Civil, Nautical, or Astronomical?
The light in the middle of the day can be harsh and unflattering. But the light just before and after sunrise and sunset can be marvelous. If you've tried to look up when sunrise and sunset occur though you may have ended up a bit confused since many sources list times for three different kinds of twilight. If you've wondered what's up with civil twilight, nautical twilight and astronomical twilight, read on.
At first glance, it would seem that the sun comes up when it crosses the horizon — before that it's dark, and after that it's daylight. But the sun is no small object so it takes a while to cross the horizon. Does daylight officially begin when the sun starts to come up, or when the whole thing is above the horizon? The color of the sky changes quite a bit during this interval, so if you want to be in the right place at the right time, these things matter. But it gets even more interesting than that since it actually starts to get light even before the sun peeks over the horizon. Remember, not only is the sun big, but it's also rather bright. This whole sunrise and sunset thing can become a bit complicated when you get right down to it.
The truth is, precisely where the sun is at when someone officially declares that sunrise or sunset has happened depends on who is doing the declaring, and why they are doing it. Generally speaking, there are three different "official" answers.
Civil twilight officially begins in the morning and ends at night when the center of the sun is six degrees below the horizon line. At such times, the brightest starts will just be visible under normal atmospheric conditions, and you should still be able to see terrestrial objects clearly. This is also about the time you would generally turn on your car's headlights or need artificial lights to see in the evening. It's the time most people call "dusk." It can be easy to shoot a lot of images during civil twilight because the light changes so quickly. By the time civil twilight has occurred in the evening, most people will have called it a night and gone inside thinking that the magic light is over, but the second act is only just starting.
The boundaries of nautical twilight occur when the center of the sun is twelve degrees below the horizon. Depending on your latitude and the time of the year, this will be roughly half an hour before civil twilight ends in the morning and half an hour after it ends in the evening. Thus, nautical twilight is darker than civil. Between nautical and civil twilight you can generally discern the shape of objects but not their details. "First light" and "last light" generally refer to the nautical twilight. When color first shows in the east in the morning and disappears from the western sky at night you can say that nautical twilight has occurred. Beyond this, most people would consider it to be dark. Photography during nautical twilight can result in vivid colors ranging from indigo through pink but you will need to be prepared for long exposure times to get them.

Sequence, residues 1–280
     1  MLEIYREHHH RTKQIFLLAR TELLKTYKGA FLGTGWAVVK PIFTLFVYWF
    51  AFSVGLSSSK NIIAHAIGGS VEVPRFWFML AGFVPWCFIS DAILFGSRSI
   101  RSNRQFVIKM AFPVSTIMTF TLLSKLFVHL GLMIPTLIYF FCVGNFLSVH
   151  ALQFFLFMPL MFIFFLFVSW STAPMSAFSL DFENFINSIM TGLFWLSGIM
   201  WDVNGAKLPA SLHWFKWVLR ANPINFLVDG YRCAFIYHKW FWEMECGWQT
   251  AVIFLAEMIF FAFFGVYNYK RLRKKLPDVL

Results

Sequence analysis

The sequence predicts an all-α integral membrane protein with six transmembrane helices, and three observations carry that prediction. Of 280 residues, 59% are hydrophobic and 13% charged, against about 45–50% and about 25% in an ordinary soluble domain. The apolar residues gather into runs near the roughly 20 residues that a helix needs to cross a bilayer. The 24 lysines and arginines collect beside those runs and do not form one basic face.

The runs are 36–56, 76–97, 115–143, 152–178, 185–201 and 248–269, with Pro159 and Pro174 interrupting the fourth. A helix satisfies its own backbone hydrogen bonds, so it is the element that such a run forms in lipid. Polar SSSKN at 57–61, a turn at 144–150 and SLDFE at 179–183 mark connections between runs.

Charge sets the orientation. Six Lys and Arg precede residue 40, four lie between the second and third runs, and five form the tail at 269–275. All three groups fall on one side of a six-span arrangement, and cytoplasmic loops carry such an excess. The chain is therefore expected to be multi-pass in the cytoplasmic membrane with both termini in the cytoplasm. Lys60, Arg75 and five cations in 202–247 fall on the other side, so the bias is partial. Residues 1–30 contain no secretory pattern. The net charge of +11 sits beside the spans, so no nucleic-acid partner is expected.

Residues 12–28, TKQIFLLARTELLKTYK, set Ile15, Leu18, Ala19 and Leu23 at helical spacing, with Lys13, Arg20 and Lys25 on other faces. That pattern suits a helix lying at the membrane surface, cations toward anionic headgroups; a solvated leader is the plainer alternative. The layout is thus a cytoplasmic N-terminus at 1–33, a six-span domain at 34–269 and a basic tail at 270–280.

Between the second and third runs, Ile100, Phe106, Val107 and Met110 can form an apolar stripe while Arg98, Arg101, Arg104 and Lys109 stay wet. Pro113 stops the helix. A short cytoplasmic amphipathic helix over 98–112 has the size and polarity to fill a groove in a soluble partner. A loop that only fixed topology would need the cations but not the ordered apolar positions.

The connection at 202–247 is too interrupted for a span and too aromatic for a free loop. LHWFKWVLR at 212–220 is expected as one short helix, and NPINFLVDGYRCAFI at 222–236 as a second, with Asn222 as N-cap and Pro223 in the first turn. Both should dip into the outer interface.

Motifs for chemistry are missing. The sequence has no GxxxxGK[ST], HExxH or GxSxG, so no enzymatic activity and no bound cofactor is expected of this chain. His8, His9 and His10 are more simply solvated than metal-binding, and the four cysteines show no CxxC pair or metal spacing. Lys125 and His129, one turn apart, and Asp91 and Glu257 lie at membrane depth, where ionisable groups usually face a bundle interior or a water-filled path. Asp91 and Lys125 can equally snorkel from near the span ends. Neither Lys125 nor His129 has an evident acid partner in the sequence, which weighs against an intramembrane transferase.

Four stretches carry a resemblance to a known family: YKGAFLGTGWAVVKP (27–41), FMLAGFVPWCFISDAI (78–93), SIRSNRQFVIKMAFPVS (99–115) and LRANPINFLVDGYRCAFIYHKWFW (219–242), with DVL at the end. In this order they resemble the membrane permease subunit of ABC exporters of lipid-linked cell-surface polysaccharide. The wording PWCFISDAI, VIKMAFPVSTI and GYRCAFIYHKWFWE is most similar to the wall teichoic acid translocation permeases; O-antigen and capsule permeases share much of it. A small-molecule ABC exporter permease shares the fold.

Astronomical twilight is darker still and happens when the center of the sun is a full eighteen degrees below the horizon. As the name implies, this is mostly of interest to astronomers. There is no color in the sky during astronomical twilight, but there is still enough faint light to make nebula, galaxies and other diffuse objects hard to see in a telescope. Star trail photographs will register some background glow near the horizon during this time, although this will often be the case these days near any major city all night long due to light pollution. Even die hard nature photographers will probably have called it quits for the night by this point.
What I plan for depends on what I am shooting. Subjects that are still recognizable in silhouette or are large enough to remain interesting in low light can work quite well during nautical twilight. Sea stacks, mountains, rock formations and landmarks, and even large trees can all be good candidates. Smaller subjects and those with few major discernable features tend to have their limits with civil twilight. No matter how beautiful the sky may be beyond that, the low contrast light that remains just can't adequately yield enough detail in such subjects. Of course, judicious use of fill flash can allow you to extend things.
So, take a nap at mid-day if you have to, but be out there for the magical light of sunrise and sunset. This is prime time for outdoor photography. Just what time that will be depends on what kind of photos you are after. When in doubt of course, get there early for sunrise, and plan on staying late for sunset.
Oh, and do remember to bring a flashlight so you can get to where you want to be for sunrise and find your way back when you do call it quits at night.